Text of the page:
“The telegram was written under Ottoman letterhead and coded in Arabic lettering; four-digit numbers denoted words. When Mr. Akcam compared it with the known Ottoman Interior Ministry codes from the time, found in an official archive in Istanbul, he found a match, raising the likelihood that many other telegrams used in the postwar trials could one day be verified in the same way,” the Times wrote.

For historians, the court cases were one piece of a mountain of evidence that emerged over the years – including reports in several languages from diplomats, missionaries and journalists who witnessed the events as they happened – that established the historical fact of the killings and qualified them as genocide.

While many countries, including France, Germany, Greece and the Vatican, have recognized what happened to the Armenians in 1915 as genocide, the United States has refrained from using that term, not wishing to alienate Turkey, a NATO ally and a partner in its fight against terrorism in the Middle East.

Akcam told NPR that the Turkish government must now develop new strategies to deny the Armenian genocide.

“They cannot deny as they have been denying over the years,” he said. “It is over now. There is no way to escape. They have to face this reality. This is a telegram with an Ottoman letterhead and we with the Ottoman coding system.”

(Top: Armenian mother kneeling beside her dead child near Aleppo, Syria, one of many who died crossing the Syrian desert during the Armenian genocide.) 

Evil invertebrate vs. good vertebrate: who you got?

The BBC has a report that the squeamish will find most disturbing: Invertebrates such as spiders and centipedes feasting on vertebrates, including birds, snakes and turtles.

Among incidents included in the story: A tarantula eating 15-inch snake that it had apparently subdued and killed last year in Brazil; a dragonfly catching a hummingbird in midair and eating it in 1977 in Canada; and Scolopendra centipedes, which regularly scales walls to either grab bats as they swoop past or pluck them from roosts while they sleep. The centipedes also eat birds, mice, lizards, frogs and snakes.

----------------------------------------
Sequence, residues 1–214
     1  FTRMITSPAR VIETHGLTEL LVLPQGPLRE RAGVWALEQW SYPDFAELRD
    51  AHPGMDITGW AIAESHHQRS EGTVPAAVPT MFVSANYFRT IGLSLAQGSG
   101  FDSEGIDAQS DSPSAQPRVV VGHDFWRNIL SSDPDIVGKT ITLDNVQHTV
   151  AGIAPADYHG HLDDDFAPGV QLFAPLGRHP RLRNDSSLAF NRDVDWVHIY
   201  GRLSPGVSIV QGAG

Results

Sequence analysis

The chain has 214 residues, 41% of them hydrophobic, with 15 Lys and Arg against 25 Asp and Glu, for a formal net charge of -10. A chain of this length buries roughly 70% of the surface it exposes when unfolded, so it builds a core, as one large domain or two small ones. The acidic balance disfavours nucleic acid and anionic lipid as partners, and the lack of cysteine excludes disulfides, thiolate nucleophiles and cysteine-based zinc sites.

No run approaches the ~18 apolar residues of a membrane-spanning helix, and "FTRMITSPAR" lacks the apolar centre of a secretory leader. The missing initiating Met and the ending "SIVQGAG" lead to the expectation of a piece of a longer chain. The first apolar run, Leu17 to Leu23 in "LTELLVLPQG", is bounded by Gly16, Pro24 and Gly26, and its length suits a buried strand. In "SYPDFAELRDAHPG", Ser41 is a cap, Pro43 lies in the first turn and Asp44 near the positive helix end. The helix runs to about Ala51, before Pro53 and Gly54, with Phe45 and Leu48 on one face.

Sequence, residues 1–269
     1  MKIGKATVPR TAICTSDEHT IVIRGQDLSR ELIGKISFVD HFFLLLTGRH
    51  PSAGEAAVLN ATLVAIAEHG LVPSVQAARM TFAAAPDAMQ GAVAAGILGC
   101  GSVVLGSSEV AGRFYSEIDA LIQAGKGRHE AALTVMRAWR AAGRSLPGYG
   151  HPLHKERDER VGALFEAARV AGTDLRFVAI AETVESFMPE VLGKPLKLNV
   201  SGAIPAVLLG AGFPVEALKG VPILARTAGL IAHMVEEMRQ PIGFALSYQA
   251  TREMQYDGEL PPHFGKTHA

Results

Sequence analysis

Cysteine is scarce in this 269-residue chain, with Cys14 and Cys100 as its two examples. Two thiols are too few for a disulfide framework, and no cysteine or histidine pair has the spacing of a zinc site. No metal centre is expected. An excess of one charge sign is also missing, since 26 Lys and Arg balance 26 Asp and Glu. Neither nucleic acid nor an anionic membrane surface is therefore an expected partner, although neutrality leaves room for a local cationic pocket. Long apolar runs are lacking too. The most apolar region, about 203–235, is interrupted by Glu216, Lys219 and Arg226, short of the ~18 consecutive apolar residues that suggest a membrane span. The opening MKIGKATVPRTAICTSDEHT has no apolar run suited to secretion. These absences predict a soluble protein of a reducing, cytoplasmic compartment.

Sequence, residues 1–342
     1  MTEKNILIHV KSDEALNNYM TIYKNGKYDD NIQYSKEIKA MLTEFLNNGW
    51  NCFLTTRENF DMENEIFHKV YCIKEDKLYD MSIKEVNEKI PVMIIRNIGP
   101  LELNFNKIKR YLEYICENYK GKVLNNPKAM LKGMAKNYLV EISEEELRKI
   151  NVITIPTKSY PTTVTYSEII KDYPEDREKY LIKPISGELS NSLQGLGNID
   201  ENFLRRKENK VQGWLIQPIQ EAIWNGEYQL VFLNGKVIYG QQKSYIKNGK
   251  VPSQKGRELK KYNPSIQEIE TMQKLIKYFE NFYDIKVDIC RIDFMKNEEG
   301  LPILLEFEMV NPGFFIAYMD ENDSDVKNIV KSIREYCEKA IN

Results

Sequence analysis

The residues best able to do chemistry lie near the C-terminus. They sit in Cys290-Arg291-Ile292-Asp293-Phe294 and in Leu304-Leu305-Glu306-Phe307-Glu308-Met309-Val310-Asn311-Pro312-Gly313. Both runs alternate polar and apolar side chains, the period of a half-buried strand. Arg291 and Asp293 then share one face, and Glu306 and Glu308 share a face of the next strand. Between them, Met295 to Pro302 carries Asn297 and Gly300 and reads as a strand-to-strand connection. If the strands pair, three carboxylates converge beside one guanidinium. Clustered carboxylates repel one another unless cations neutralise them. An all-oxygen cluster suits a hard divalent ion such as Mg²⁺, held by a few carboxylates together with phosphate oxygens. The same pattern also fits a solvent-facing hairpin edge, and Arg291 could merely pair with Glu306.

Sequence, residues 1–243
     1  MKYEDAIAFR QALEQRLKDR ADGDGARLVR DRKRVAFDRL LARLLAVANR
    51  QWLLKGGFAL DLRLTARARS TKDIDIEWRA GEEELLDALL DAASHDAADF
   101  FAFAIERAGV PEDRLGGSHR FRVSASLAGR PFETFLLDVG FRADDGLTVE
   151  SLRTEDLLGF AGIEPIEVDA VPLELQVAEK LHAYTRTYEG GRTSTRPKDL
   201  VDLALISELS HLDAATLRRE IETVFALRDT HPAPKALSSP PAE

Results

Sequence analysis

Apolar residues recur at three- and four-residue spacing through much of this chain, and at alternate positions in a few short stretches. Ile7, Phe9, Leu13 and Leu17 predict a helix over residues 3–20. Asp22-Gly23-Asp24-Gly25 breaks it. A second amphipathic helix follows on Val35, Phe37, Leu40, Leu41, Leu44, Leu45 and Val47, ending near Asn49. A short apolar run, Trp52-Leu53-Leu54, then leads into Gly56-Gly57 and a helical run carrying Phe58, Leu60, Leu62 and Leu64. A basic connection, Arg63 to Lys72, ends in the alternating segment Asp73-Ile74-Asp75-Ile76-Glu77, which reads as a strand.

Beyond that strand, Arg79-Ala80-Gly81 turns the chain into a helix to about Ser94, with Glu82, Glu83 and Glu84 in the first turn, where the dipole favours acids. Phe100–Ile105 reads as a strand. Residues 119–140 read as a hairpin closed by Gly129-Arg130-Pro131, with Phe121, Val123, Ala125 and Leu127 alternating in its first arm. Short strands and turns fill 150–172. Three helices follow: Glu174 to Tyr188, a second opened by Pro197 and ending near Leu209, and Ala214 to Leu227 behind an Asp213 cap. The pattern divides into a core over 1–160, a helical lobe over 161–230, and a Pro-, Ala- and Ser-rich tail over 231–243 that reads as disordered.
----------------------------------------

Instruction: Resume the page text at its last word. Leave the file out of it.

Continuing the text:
Even animal lovers can find this sort of behavior unnerving – after all, vertebrates typically eat invertebrates, not the other way around.

“Most of us are happy to watch vertebrates hunting vertebrates; if lions kill a giraffe, we might feel sadness but not revulsion, and we cheer when the baby iguana escapes the racer snakes. Similarly, if a vertebrate hunts an invertebrate, that seems normal: an early bird catching the worm is simply being enterprising,” according to the BBC. “But invertebrates eating vertebrates is another matter. We find ourselves horrified by crabs preying on baby turtles, wasps targeting nestling birds, or a giant centipede munching on a bat. Somehow it seems wrong, as if the natural order has been turned on its head – but why?”

The BBC surmises that the reason may be that we instinctively recognize that we are much more akin to other vertebrates than we are to invertebrates.

“We might not use the word “vertebrate,” but a dog is clearly more similar to us than a giant centipede,” it writes. “Not only does the dog have hair and the same number of limbs, it also behaves in understandable ways, displaying familiar emotions like happiness and anger.

“ … we cannot understand invertebrates in the same way that we understand dogs, lions or eagles,” the BBC added. “They are just too alien, their behavior too strange and their bodies too dissimilar. They do not have waggy tails and their eyes are never big and soulful.”

Or, as one of my daughter said when I asked why she didn’t like spiders: “Too many eyes, too many legs!”

If you’ve ever seen a frog swarmed over and stung to death by fire ants, or a lizard being stung repeatedly by a hornet, it does appear that things sometimes go amiss in the animal kingdom.

And while Scolopendra gigantea, also known as the Amazonian giant centipede, has yet to make its way to the US from South America, that’s one creepy-crawly I can foresee showing up in my nightmares.

(Top: I chose an image of a pug eating a sprinkled donut for this story because, well, the other photos, while interesting, would have undoubtedly upset lovers of baby turtles, small birds and other cute animals which happened to have fallen into the clutches of voracious invertebrates.)

Old-style church reminiscent of English country parish chapel

The Episcopal Church of the Nativity, located in small-town Union, SC, reminds one of a rural English parish church.